September 2010 Project Update:
September 2011 Project Update:These experiments included extensive collaboration with Drs. Jeff Bronstein and Marie-Françoise Chesselet, Department of Neurology, UCLA.
1. CLR01 inhibited ?-synuclein aggregation completely at a 1:1 concentration ratio and partially at a 1:10 concentration ratio, respectively.
2. CLR01 inhibited the toxicity of both exogenous a-synuclein oligomers and endogenously expressed in cell culture.
3. CLR01 showed significant rescue of the phenotype and survival of zebrafish embryos expressing human, wild-type a-synuclein. The mechanism of rescue was shown to be maintaining a-synuclein in a soluble form, preventing formation of toxic aggregates, and enabling degradation of a-synuclein via the proteasome.
4. CLR01 was found to significantly ameliorate motor deficits in transgenic mice expressing human, wild-type a-synuclein in the brain when administered subcutaneously for 28 days at a low dose (0.4 mg/kg/day). The mechanism is still under study but initial results suggest that it involves reduction in the levels of soluble, likely oligomeric, a-synuclein.
5. Upon ICV administration for 28 days, the effect of CLR01 was particularly significant in the challenge beam test, where is was consistent in all 5 trials and also increased by 2.2-fold relative to subcutaneous administration. The data demonstrate the efficacy of CLR01 and suggest that blood–brain barrier penetration likely needs to be optimized in future medicinal chemistry and/or formulation studies.
Conclusion/Relevance to Parkinson’s disease: The data accumulated so far suggest that CLR01 is a novel and promising therapeutic candidate for Parkinson’s disease and support its further development for human clinical trials.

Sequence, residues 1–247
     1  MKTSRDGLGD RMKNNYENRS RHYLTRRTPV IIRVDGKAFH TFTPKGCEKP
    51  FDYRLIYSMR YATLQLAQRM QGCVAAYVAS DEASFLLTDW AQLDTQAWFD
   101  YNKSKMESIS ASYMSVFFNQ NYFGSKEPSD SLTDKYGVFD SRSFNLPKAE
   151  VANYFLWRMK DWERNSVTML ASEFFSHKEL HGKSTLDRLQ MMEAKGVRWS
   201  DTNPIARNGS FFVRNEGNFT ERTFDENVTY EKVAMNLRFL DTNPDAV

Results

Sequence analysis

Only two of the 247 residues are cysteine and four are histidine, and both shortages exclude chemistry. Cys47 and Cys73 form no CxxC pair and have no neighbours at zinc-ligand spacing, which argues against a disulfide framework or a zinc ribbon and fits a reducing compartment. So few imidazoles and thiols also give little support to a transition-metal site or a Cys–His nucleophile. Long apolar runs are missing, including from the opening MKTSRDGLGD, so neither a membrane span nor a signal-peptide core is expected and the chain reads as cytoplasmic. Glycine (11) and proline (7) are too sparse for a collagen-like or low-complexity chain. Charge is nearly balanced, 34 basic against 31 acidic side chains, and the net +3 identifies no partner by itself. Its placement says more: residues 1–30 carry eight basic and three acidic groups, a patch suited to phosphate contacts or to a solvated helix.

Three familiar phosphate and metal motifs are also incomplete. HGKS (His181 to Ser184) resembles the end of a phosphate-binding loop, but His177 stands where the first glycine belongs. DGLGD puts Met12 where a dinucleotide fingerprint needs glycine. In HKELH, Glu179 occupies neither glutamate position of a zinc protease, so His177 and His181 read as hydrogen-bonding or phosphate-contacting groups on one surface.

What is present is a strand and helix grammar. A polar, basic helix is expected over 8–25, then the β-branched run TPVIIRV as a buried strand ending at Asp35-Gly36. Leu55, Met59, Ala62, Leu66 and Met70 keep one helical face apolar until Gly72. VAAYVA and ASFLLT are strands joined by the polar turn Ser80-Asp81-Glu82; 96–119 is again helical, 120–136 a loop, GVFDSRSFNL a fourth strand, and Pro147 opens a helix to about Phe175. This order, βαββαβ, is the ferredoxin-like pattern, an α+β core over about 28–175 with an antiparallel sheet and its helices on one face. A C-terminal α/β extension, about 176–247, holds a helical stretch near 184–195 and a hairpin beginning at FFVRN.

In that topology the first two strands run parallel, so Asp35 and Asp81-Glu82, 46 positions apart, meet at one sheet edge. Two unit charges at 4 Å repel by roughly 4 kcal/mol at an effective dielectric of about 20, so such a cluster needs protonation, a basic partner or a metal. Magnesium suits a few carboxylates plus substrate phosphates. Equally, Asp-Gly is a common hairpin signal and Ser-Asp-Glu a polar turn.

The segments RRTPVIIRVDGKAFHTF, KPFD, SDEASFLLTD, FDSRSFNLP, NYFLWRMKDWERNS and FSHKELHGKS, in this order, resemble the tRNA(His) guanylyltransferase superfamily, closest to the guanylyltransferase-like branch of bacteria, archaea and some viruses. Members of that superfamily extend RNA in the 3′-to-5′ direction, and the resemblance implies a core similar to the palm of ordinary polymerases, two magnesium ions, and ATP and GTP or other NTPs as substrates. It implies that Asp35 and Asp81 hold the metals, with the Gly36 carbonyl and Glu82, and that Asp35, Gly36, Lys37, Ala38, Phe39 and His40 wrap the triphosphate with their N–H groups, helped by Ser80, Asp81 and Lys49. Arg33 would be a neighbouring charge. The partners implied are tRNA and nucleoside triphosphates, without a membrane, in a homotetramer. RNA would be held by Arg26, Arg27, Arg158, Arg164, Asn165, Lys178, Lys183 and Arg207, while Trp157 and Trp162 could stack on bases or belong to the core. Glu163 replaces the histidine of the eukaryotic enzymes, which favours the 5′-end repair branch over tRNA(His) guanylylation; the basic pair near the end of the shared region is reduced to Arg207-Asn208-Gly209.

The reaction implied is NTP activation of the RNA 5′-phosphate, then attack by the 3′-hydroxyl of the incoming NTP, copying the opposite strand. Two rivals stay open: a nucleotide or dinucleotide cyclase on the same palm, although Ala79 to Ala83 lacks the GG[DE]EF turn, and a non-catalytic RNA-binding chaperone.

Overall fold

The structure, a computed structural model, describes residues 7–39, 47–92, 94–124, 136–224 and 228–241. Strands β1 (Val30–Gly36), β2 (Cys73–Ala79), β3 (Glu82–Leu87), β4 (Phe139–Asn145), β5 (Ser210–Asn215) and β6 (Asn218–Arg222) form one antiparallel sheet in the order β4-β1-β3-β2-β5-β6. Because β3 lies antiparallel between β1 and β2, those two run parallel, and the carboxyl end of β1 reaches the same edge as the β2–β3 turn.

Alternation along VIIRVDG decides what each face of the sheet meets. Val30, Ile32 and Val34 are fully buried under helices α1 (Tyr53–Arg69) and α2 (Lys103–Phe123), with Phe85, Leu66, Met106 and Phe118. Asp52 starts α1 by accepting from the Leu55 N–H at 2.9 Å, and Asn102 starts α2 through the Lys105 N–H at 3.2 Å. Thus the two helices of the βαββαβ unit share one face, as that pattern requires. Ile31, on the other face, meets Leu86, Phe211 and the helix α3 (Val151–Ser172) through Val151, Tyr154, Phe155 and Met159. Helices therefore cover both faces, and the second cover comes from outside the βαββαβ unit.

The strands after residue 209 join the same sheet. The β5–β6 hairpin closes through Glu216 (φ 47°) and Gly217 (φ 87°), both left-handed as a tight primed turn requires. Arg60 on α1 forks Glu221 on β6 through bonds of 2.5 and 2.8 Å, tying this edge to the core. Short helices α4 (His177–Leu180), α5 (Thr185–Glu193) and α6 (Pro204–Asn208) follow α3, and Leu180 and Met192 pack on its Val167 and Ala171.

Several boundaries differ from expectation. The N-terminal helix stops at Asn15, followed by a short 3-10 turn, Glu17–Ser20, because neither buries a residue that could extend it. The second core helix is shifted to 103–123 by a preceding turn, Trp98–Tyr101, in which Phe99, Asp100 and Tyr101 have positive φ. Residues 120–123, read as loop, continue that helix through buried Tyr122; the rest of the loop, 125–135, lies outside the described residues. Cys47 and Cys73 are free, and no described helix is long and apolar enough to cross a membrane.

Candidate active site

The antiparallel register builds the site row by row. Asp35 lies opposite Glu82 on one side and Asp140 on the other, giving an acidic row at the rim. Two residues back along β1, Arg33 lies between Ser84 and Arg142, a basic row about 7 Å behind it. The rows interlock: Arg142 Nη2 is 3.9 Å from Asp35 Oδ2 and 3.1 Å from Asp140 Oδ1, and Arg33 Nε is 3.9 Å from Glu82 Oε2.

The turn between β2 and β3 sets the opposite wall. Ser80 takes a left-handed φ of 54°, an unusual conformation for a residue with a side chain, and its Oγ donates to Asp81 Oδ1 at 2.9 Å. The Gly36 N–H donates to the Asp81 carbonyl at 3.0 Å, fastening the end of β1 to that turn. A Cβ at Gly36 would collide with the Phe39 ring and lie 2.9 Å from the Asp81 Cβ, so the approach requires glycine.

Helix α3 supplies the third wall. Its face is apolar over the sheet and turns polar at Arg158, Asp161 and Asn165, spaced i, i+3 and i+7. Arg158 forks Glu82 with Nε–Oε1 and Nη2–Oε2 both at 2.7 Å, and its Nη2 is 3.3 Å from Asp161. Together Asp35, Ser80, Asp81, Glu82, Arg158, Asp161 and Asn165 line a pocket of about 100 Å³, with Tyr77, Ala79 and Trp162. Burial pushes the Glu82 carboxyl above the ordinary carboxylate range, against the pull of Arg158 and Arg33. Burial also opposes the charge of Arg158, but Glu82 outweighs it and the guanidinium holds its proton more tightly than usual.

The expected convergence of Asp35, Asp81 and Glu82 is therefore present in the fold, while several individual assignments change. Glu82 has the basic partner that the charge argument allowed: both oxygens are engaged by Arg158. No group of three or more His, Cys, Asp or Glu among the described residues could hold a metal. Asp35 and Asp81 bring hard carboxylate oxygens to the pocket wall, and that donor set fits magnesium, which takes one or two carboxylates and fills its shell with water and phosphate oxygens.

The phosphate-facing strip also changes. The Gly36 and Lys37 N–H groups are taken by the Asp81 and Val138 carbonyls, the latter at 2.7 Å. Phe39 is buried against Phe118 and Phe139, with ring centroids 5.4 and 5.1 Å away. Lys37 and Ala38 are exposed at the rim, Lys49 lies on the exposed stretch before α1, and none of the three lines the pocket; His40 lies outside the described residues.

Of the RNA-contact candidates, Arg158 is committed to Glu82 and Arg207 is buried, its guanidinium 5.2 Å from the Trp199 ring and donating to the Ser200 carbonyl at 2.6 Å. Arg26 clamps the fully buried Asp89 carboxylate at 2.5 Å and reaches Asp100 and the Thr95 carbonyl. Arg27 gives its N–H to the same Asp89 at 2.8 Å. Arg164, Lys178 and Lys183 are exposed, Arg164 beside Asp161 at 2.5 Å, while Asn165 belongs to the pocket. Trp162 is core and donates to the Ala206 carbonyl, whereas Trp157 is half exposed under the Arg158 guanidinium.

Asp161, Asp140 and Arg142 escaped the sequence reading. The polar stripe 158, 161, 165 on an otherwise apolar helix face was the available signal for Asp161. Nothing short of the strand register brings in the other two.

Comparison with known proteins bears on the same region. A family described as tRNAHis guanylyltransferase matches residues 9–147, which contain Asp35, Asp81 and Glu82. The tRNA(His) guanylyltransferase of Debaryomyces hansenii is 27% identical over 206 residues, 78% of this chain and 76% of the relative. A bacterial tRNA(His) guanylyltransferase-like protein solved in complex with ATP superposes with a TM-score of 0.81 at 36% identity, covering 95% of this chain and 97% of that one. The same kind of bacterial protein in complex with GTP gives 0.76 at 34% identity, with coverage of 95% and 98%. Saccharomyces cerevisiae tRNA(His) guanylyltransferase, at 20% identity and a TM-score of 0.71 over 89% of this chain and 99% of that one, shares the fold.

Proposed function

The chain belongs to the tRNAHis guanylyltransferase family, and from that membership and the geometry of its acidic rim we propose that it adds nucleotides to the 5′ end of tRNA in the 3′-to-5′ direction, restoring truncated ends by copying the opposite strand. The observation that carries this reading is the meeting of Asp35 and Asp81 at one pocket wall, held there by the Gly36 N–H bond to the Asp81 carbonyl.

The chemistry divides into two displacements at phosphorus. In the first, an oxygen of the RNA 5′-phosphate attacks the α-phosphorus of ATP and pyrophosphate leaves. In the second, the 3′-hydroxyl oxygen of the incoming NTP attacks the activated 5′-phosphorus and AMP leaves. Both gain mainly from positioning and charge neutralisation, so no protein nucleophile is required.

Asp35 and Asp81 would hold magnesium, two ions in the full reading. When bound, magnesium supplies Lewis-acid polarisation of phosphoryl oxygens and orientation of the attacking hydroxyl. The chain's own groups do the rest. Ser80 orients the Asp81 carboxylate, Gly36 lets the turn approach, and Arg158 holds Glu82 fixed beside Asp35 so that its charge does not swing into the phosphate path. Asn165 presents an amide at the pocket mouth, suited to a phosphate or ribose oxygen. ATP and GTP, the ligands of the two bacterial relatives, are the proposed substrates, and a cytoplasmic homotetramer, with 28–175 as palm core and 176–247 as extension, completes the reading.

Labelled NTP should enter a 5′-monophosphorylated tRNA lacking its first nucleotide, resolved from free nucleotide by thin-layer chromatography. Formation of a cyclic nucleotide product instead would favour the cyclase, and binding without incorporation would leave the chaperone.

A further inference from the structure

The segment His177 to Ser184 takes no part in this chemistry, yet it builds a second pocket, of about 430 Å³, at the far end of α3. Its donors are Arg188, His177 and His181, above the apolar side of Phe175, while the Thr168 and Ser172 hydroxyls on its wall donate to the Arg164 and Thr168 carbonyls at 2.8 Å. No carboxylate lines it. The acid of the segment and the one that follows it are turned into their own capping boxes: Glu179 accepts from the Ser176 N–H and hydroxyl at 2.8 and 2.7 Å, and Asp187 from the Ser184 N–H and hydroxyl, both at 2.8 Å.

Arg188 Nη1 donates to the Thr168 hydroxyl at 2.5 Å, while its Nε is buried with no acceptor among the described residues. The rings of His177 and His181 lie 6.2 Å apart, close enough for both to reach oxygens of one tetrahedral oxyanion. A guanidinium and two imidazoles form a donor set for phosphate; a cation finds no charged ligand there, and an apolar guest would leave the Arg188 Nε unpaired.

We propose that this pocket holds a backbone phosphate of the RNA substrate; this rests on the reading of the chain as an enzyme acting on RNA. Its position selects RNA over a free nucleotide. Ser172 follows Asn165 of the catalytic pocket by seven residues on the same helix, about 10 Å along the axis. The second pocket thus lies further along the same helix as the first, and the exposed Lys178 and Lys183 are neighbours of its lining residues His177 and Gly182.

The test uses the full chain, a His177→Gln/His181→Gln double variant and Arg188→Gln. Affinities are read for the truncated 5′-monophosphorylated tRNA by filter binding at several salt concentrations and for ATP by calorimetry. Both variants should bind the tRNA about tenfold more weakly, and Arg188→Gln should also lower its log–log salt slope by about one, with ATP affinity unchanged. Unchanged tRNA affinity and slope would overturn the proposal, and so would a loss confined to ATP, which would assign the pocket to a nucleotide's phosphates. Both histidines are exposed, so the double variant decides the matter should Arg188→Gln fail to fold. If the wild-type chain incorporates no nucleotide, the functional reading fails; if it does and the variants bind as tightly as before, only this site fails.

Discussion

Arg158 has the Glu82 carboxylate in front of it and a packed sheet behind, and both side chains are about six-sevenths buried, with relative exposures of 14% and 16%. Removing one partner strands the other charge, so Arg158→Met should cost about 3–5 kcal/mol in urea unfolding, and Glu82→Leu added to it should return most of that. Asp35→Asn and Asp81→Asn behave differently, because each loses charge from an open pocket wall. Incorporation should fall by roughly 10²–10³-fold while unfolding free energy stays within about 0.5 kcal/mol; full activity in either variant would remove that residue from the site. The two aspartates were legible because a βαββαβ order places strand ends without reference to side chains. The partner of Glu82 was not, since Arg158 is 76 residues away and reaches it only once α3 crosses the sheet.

A manuscript describing the data summarized in points 1–3 above has been submitted for publication and is now being revised to address reviewers’ comments. The mouse experiments are still being analyzed and will be published in the near future.
Project Title: Is there abnormal network activity in the motor cortex of 6-OHDA lesioned mice.
Investigator: Dr. Carlos Portera, M.D., PhD
Project Description: The current treatments for Parkinson disease (PD) offer some symptomatic relief, but often at the cost of serious side effects, including dyskinesias. The introduction of deep brain stimulation (DBS) in the treatment of PD two decades ago has arguably been the most effective treatment strategy since the discovery of levodopa. Understanding the exact mechanisms of how DBS helps PD patients will help improve this therapeutic strategy. A recent study using the 6-hydroxydopamine (6-OHDA) rodent model of PD (Gradinaru et al., 2009) suggests that DBS may help by reducing the activity of the subthalamic nucleus (STN) through its effects on the firing of neurons in motor cortex, which is the part of the brain that controls movement. This raises the possibility that neurons in the motor cortex of PD patients fire less than normal, leading to an overactive STN that produces some of the symptoms of PD. I propose to test the hypothesis that neurons are hypoactive in the motor cortex of mice that had been rendered parkinsonian by injection of the neurotoxin 6-OHDA into the substantia nigra. Specifically, I intend to examine the spontaneous activity of neurons in the motor cortex of mice before and after administering 6-OHDA. We will use the cutting-edge technique of two-photon calcium imaging to record the activity of large numbers of cortical neurons non-invasively.